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was carried out according to the Regulation of the Government of the SR No. 496/2010 Coll This included determination of colony forming units (CFU) of bacteria cultivated at 22 °C (BC22) and 37 °C (BC37) (heterotrophic count) according to STN EN ISO 6222, coliform bacteria (CB) and E. coli according to STN EN ISO 9308-1 and enterococci (EC) according to STN EN ISO 7899-2. A pour-plate method was used for determination of the number of BC22 and BC37 bacterial colonies growing in nutrient agar medium after aerobic incubation. The number of colony forming units (CFU) per ml of sample was counted after incubation at 22 °C and 37 °C, respectively. The limit value for BC22 in Slovakia is 200 CFU/ml and for BC37 the limit is 20 CFU/ml (STN EN ISO 6222). Coliform bacteria (CB) and E. coli Endo agar (HiMedia, India) was used as cultivating medium. After incubation for 24 h at 37 °C or 43 °C, respec176 tively, the characteristic colonies were counted. When no colonies were present, the

incubation was prolonged for another 24 h (Grant 1997). The lactose test was used for confirmation of coliform bacteria. According to the WHO (2008) E. coli or thermotolerant coliform bacteria must not be detected in any 100-ml sample. Also, total coliform bacteria must not be detectable in any 100-ml sample (WHO 1996; STN EN ISO 9308-1). Enterococci (EC). Determination of enterococci was based on the filtering of 100 ml or 10 ml of water sample through a membrane filter (filter size 0.45 μm) placed onto a solid selective medium containing sodium azide (to suppress the growth of Gram-negative bacteria) and colourless 2,3,5-trifenyltetrazolium chloride, which is reduced by intestinal enterococci to red formazan. Similar to CB and E. coli, enterococci must not be detectable in any 100 ml sample of water (EC Regulations 2007). Experimental chlorination of water After initial bacteriological examination of water on the farms in January and February we carried out experimental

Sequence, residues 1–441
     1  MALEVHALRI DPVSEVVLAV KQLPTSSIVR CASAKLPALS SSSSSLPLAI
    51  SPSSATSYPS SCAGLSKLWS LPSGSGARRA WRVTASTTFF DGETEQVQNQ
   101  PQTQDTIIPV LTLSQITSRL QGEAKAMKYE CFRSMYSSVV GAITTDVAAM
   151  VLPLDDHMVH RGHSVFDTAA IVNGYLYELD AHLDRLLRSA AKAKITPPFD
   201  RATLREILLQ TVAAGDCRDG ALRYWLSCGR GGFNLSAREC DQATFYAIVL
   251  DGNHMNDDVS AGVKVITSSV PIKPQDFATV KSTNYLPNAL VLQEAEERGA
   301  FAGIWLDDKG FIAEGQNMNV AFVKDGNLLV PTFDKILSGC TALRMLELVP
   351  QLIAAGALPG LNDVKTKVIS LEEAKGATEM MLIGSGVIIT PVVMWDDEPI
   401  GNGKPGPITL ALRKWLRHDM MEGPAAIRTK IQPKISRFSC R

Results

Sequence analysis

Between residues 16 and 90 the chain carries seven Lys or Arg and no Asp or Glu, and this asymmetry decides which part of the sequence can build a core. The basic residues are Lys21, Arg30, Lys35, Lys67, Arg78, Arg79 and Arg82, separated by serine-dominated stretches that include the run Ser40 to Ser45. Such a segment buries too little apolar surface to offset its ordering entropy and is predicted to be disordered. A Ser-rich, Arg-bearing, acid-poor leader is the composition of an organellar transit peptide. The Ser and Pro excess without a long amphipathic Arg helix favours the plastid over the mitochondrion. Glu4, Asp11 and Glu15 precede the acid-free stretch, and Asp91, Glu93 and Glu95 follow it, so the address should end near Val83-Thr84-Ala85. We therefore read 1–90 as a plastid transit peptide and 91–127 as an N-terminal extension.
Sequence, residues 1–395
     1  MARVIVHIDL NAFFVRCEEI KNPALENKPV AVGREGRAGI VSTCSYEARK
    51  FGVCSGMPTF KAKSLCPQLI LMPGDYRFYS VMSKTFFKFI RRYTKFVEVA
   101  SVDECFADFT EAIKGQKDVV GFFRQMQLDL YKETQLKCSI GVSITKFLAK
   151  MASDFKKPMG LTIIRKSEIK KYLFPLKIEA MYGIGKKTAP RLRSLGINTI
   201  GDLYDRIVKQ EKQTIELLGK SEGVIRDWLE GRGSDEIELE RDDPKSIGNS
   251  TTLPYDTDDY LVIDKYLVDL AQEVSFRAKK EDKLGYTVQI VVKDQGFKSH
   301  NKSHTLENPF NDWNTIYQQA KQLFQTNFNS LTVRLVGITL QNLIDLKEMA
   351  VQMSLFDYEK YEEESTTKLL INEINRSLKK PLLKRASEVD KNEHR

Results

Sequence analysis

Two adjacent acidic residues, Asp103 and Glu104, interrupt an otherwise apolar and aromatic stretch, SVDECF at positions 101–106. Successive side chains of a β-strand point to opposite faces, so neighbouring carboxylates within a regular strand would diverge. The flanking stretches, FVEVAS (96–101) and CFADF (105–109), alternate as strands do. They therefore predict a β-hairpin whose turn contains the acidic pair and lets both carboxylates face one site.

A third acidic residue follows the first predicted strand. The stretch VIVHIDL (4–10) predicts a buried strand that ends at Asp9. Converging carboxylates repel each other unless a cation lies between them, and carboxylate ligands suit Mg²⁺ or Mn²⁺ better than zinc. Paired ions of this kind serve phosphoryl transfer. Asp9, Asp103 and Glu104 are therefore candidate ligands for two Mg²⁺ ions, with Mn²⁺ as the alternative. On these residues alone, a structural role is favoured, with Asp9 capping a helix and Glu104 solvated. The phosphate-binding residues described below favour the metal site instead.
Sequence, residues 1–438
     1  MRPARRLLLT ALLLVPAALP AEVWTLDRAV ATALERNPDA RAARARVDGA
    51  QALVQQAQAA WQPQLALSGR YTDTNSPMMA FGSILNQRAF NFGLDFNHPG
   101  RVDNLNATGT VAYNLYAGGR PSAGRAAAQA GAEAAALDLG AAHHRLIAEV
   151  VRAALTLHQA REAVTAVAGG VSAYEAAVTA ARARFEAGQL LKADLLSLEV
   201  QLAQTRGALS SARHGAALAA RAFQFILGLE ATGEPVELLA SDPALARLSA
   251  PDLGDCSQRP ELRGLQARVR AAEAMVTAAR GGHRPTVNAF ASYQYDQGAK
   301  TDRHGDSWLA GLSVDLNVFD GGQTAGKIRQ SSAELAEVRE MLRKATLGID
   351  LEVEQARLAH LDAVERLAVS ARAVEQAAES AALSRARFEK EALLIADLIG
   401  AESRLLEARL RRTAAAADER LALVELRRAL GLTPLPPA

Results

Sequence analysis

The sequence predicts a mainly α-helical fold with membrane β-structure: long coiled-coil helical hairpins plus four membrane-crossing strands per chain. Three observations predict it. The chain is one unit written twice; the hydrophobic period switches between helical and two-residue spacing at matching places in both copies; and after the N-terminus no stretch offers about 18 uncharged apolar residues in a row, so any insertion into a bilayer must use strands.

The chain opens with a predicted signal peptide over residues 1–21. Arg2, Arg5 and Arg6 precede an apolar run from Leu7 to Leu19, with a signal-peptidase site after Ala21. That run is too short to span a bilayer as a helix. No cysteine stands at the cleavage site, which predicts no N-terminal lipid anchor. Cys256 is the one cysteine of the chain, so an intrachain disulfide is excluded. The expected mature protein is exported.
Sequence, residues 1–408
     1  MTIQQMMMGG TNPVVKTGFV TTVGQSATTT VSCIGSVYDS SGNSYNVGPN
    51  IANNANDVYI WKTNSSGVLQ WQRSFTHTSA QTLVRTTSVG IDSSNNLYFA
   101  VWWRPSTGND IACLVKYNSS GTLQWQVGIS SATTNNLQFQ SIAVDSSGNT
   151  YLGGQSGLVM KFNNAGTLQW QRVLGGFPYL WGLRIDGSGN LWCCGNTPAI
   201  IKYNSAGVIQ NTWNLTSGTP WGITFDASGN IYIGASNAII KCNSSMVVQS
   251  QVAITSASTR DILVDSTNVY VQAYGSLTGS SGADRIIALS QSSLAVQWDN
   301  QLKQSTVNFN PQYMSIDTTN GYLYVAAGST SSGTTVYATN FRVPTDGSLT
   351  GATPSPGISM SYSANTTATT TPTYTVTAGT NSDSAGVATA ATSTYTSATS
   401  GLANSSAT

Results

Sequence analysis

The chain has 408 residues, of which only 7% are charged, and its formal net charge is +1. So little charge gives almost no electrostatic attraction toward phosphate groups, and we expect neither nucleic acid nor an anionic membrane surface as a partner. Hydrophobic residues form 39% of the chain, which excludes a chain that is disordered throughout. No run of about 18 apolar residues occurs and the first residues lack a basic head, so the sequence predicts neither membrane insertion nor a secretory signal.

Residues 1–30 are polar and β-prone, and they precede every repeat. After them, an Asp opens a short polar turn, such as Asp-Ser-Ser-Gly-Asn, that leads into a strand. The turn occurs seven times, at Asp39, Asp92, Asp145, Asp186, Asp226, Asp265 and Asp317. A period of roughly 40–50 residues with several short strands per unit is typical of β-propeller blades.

chlorination of water from all three and on the basis of the results we estimated appropriate doses of Chloramine T for disinfection of water sources on the respective farms. These doses were used to disinfect water from March to May (five times on Farm No. 1 in about two-week intervals; three times on Farm No. 2 in the old and new reservoir in monthly intervals; three times on Farm No. 3 in monthly intervals) and bacteriological examination of previously disinfected water was performed on the 5 th day after disinfection. The dose of Chloramine T determined according to experimental chlorination (20 g per well) of water on Farm No. 1 was doubled after heavy rain in April to 40 g (five water wells, each with a capacity of about 8000l/day). On Farm No 2 the dose was doubled after the chlorination in March from 180 g to 360 g in both reservoirs, and to 1200 g in May in the NR (each with a capacity of about 150 000 l/day) and 180 g (9000 l/day) on Farm No. 3 Experimental chlorination was

carried out using a 0.1% solution of Chloramine T with the active substance tosylchloramide sodium, 81% active chlorine (manufactured by Bochemie – http://www.bochemiecz/en-US/contact) The dosage recommended Veterinarni Medicina, 61, 2016 (4): 173–186 Original Paper doi: 10.17221/8818-VETMED by the manufacturer is 10 g per 1000 litres of water (this presumes maximum pollution of water). We disinfected equal volumes of water measured into individual flasks with increasing doses of a 0.1% solution of Chloramine T and allowed it to act for the prescribed time. The optimum dose of Chloramine T (g/l) was obtained by recalculation on the basis of the volume of 0.1% Chloramine T added to the flask in which the residual free chlorine corresponded to the range set (0.05−03 mg/l) by the relevant legislation (STN EN ISO 7393-3) using the method of Horakova et al. (2003) Physico-chemical examination of water Sensory evaluation of water (colour, odour, turbidity) was carried out on